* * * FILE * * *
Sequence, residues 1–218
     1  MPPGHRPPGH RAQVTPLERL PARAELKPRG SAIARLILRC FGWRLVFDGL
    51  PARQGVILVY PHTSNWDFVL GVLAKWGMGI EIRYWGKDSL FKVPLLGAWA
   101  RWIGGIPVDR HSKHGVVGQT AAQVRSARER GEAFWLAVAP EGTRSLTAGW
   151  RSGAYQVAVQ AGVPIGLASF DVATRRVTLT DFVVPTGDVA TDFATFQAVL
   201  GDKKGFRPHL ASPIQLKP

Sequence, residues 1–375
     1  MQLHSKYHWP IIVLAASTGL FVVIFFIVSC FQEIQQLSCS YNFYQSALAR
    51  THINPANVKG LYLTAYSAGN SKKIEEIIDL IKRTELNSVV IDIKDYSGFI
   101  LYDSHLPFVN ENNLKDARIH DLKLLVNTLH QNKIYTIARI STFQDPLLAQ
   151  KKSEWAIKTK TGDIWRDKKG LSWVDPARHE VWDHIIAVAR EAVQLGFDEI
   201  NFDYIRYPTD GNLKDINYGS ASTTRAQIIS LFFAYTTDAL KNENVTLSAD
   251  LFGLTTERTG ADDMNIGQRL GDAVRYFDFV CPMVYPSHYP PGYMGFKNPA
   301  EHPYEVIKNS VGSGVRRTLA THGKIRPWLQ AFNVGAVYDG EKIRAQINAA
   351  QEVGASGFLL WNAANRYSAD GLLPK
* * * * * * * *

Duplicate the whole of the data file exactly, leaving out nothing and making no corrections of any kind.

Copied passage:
Sequence, residues 1–218
     1  MPPGHRPPGH RAQVTPLERL PARAELKPRG SAIARLILRC FGWRLVFDGL
    51  PARQGVILVY PHTSNWDFVL GVLAKWGMGI EIRYWGKDSL FKVPLLGAWA
   101  RWIGGIPVDR HSKHGVVGQT AAQVRSARER GEAFWLAVAP EGTRSLTAGW
   151  RSGAYQVAVQ AGVPIGLASF DVATRRVTLT DFVVPTGDVA TDFATFQAVL
   201  GDKKGFRPHL ASPIQLKP

Sequence, residues 1–375
     1  MQLHSKYHWP IIVLAASTGL FVVIFFIVSC FQEIQQLSCS YNFYQSALAR
    51  THINPANVKG LYLTAYSAGN SKKIEEIIDL IKRTELNSVV IDIKDYSGFI
   101  LYDSHLPFVN ENNLKDARIH DLKLLVNTLH QNKIYTIARI STFQDPLLAQ
   151  KKSEWAIKTK TGDIWRDKKG LSWVDPARHE VWDHIIAVAR EAVQLGFDEI
   201  NFDYIRYPTD GNLKDINYGS ASTTRAQIIS LFFAYTTDAL KNENVTLSAD
   251  LFGLTTERTG ADDMNIGQRL GDAVRYFDFV CPMVYPSHYP PGYMGFKNPA
   301  EHPYEVIKNS VGSGVRRTLA THGKIRPWLQ AFNVGAVYDG EKIRAQINAA
   351  QEVGASGFLL WNAANRYSAD GLLPK